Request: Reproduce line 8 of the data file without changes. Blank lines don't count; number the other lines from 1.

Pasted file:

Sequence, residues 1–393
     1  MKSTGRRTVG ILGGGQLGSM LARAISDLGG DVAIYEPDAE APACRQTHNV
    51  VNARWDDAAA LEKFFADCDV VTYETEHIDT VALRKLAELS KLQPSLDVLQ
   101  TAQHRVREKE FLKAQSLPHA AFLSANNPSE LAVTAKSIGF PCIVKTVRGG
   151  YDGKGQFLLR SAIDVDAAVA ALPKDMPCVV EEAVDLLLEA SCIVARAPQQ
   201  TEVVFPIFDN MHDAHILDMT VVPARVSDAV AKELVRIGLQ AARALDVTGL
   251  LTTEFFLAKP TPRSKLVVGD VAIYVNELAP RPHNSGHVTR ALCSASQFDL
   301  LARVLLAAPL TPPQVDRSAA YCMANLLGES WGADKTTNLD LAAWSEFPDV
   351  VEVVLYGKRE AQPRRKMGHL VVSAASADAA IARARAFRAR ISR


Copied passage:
   301  LARVLLAAPL TPPQVDRSAA YCMANLLGES WGADKTTNLD LAAWSEFPDV